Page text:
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Fact vs. fiction: 3 measurement myths holding back your marketing

By Christophe Combette

 

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Marketers are no strangers to storytelling. Using data to craft compelling stories that connect the brand to its customers is at the core of what they do. And today’s customers are more empowered than ever to take control over their data to ensure that privacy is an imperative, not an aspiration. According to new research from Boston Consulting Group and Google, while two-thirds of consumers want relevant ads, nearly half of them are uncomfortable sharing their data for personalization.

So it’s not a matter of whether your business will shift to a privacy-first approach; the only question is when. Gartner predicts that by next year, 65% of the world’s population will have personal data that’s covered by privacy laws, which is up from just 10% in 2020. And yet, not all marketers have plans in place that account for those regulations.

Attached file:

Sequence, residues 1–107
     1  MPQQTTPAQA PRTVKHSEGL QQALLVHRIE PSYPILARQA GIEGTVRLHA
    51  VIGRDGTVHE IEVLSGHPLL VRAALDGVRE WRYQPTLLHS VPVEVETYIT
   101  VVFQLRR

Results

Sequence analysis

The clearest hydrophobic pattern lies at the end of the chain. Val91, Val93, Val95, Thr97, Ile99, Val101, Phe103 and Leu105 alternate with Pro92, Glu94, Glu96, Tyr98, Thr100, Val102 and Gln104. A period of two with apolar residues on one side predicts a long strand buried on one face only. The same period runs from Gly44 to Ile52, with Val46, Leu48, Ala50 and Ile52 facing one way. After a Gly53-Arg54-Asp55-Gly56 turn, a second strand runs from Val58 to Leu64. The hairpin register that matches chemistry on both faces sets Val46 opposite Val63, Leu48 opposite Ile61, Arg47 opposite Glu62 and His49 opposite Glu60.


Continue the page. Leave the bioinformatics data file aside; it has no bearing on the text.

In the swirl of building and launching digital campaigns and keeping up with evolving measurement solutions, it’s easy to be confused and swayed by common misconceptions. Here, I’ll take a closer look at three of the most pervasive measurement misconceptions and explain how you can address them to build a privacy-first future for your business.

3 common measurement myths

Myth No. 1: Cookie deprecation will disrupt website tags